I feel like such a hillbilly! (I live in Southeast Michigan, USA.) Half of these cheeses I haven’t heard of. If I had any sort of store around me with a separate WALK IN cheese containing room I would cry. Feta and sharp cheddar are pretty high up on my list. I will try any cheese once. I’m sure you’ve all had the flaming Greek cheese? Saganaki, that’s good during a night out too!
    Mountains of cheese, piles of cheese, aisles of cheese, rooms of cheese, oh my!
  • AnnPT77
    AnnPT77 Posts: 26,908 Member
    joans1976 wrote: »
    I feel like such a hillbilly! (I live in Southeast Michigan, USA.) Half of these cheeses I haven’t heard of. If I had any sort of store around me with a separate WALK IN cheese containing room I would cry. Feta and sharp cheddar are pretty high up on my list. I will try any cheese once. I’m sure you’ve all had the flaming Greek cheese? Saganaki, that’s good during a night out too!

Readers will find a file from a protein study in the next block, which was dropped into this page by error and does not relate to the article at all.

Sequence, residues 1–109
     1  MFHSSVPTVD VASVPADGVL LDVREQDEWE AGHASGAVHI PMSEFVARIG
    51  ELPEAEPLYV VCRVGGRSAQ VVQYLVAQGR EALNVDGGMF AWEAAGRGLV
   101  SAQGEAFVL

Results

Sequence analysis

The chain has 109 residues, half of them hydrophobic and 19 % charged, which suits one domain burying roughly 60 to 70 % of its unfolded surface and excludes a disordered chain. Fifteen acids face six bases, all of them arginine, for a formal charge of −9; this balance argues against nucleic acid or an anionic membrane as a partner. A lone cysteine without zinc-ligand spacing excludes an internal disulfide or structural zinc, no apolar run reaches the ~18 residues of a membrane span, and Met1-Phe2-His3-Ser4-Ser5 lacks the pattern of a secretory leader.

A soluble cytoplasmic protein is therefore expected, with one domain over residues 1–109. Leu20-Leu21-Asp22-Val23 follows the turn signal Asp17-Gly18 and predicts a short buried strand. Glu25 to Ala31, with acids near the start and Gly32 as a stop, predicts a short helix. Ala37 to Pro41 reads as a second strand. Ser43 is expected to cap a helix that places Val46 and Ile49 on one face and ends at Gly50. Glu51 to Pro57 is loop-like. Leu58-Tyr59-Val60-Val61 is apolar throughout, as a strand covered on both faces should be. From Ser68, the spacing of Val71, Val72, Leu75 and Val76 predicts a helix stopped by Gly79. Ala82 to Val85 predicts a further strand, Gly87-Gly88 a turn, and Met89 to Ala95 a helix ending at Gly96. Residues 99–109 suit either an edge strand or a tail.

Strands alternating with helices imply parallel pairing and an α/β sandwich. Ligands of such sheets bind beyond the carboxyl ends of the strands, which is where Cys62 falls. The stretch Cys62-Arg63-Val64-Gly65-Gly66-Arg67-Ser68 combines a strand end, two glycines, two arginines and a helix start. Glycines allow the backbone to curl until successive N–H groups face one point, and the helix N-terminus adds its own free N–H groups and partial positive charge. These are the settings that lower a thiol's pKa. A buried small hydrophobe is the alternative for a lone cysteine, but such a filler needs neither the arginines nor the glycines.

Mountains of cheese, piles of cheese, aisles of cheese, rooms of cheese, oh my!

    Hate to tell ya, Joan, but I live in Michigan, too: Lansing area. Maybe you need a field trip to Lansing's Horrocks? That's where my cheese room/multi-cheese case photos early in this thread came from. Depending on how SE you are in Michigan, it's not out of the question for a day trip!

    Saganaki in Greek Town (Detroit) is associated with many great memories, for me. Opa!
  • joans1976
    joans1976 Posts: 1,862 Member
    Ah! I grew up in Grand Ledge! (The 80s) I remember Horrocks well, the bulk cookies and candy! I think from what I’ve heard it’s a much bigger place now. I can definitely make the trip, I’m 10 minutes north of Ann Arbor (a place I try to avoid but I’m sure there’s good cheese somewhere there.) I’ve seen your posts on here and for some reason I thought you were from the UK! 🤪
  • joans1976
    joans1976 Posts: 1,862 Member
    Also, many a night in Greektown in my younger bar hopping days! 🔥
  • AnnPT77
    AnnPT77 Posts: 26,908 Member
    joans1976 wrote: »